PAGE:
CIVILIAN CASUALTIES in Afghanistan have hit a new high, including a ten-fold increase in casualties from attacks linked to Islamic State (IS) militants.
In its annual report, the UN said 3,498 civilians were killed and 7,920 wounded in 2016, a 3% rise on 2015.
The number of children killed or injured jumped by a quarter to its highest level to date.
Ground fighting between militants and troops in civilian areas was the main cause of civilian casualties, it said.
Overall, the report attributed almost two thirds of civilian casualties to what it called anti-government elements, mainly the Taliban, and a quarter to pro-government forces.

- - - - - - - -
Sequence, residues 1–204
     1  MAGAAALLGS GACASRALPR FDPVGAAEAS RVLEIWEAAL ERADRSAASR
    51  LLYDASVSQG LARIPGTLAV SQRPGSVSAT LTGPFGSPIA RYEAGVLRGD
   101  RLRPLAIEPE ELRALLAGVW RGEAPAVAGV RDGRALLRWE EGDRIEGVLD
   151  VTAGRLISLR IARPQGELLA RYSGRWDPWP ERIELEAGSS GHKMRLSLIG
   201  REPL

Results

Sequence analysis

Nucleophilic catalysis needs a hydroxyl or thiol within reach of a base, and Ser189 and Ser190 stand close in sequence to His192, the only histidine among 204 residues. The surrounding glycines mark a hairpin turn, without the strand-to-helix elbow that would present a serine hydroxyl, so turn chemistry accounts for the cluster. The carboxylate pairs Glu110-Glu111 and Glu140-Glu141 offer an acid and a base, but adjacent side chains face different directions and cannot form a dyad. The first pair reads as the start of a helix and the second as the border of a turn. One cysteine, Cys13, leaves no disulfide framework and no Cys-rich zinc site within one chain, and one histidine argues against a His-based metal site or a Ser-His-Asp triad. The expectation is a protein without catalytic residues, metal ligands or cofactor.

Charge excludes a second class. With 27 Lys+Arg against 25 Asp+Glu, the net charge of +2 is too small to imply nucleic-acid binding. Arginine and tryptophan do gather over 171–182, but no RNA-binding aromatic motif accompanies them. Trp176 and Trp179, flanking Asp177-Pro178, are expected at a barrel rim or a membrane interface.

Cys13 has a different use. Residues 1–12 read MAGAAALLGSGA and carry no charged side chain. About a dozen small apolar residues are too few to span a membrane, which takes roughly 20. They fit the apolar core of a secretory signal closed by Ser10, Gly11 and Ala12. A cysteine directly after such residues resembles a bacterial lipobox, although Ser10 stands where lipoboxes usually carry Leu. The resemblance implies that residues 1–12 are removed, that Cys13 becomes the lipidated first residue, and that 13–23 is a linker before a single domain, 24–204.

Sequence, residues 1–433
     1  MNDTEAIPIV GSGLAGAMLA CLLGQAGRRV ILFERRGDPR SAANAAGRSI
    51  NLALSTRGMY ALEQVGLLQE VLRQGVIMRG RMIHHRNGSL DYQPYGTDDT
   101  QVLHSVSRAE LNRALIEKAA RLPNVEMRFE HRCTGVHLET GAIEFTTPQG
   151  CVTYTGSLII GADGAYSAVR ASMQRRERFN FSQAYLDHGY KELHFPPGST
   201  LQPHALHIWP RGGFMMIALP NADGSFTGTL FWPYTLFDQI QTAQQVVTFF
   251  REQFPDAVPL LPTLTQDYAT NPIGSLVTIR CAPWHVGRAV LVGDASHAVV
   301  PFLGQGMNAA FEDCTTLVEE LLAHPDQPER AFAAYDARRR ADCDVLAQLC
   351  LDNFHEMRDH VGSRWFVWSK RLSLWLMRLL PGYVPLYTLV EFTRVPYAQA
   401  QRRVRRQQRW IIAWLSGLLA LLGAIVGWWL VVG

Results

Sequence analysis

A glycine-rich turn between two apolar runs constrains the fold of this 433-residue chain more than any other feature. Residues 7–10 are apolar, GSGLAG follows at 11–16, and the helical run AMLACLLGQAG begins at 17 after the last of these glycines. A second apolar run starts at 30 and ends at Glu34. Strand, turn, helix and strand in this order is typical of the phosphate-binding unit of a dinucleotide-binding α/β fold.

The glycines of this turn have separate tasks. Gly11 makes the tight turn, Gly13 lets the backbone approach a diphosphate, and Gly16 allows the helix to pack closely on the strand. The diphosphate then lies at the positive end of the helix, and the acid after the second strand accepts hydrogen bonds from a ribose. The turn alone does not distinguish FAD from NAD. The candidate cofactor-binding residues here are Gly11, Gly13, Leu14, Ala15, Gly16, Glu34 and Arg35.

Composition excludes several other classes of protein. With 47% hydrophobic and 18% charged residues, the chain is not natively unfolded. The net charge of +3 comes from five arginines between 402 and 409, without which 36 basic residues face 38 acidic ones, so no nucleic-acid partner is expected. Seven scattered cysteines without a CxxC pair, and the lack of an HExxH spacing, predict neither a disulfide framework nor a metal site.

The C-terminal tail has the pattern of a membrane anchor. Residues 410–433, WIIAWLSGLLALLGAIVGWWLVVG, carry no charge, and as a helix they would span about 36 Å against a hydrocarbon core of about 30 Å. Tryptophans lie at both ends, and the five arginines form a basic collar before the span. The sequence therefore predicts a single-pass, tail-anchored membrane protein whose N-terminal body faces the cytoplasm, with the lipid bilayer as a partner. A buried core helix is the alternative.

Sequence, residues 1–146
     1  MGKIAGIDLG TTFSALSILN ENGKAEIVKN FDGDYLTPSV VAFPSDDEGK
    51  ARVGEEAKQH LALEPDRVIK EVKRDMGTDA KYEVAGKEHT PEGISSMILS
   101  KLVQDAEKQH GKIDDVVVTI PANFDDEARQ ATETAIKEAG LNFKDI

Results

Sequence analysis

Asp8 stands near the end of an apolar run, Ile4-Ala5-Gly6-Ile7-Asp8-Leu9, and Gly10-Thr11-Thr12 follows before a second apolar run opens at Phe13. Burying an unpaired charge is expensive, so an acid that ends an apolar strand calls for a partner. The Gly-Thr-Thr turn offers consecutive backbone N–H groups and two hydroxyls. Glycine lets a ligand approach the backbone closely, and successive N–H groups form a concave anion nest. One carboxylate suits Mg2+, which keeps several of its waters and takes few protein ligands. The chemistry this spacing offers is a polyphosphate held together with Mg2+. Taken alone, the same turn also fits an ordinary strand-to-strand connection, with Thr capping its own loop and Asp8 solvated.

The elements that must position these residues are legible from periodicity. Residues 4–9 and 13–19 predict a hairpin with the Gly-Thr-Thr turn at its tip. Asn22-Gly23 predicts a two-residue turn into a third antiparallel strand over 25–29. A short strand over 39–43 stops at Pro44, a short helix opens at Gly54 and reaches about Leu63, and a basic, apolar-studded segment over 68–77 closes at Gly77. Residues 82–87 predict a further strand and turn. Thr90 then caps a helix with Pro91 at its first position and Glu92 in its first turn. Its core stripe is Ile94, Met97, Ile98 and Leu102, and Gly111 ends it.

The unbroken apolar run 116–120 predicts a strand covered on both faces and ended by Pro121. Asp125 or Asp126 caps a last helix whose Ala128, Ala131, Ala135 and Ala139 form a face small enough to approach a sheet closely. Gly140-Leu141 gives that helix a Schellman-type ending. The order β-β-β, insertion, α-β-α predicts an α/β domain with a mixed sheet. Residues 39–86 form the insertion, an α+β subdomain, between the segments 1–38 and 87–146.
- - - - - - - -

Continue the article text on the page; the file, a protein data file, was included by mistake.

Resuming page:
UN Special Representative for Afghanistan Tadamichi Yamamoto described the civilian deaths as “deeply harrowing and largely preventable”.
“The escalation in ground fighting and overall insecurity, compounded by a lack of respect for human rights and international humanitarian law by parties to the conflict, particularly anti-government elements, led to an overall deterioration in civilian protection,” the report said.
The UN began documenting civilian casualties in Afghanistan in 2009. BBC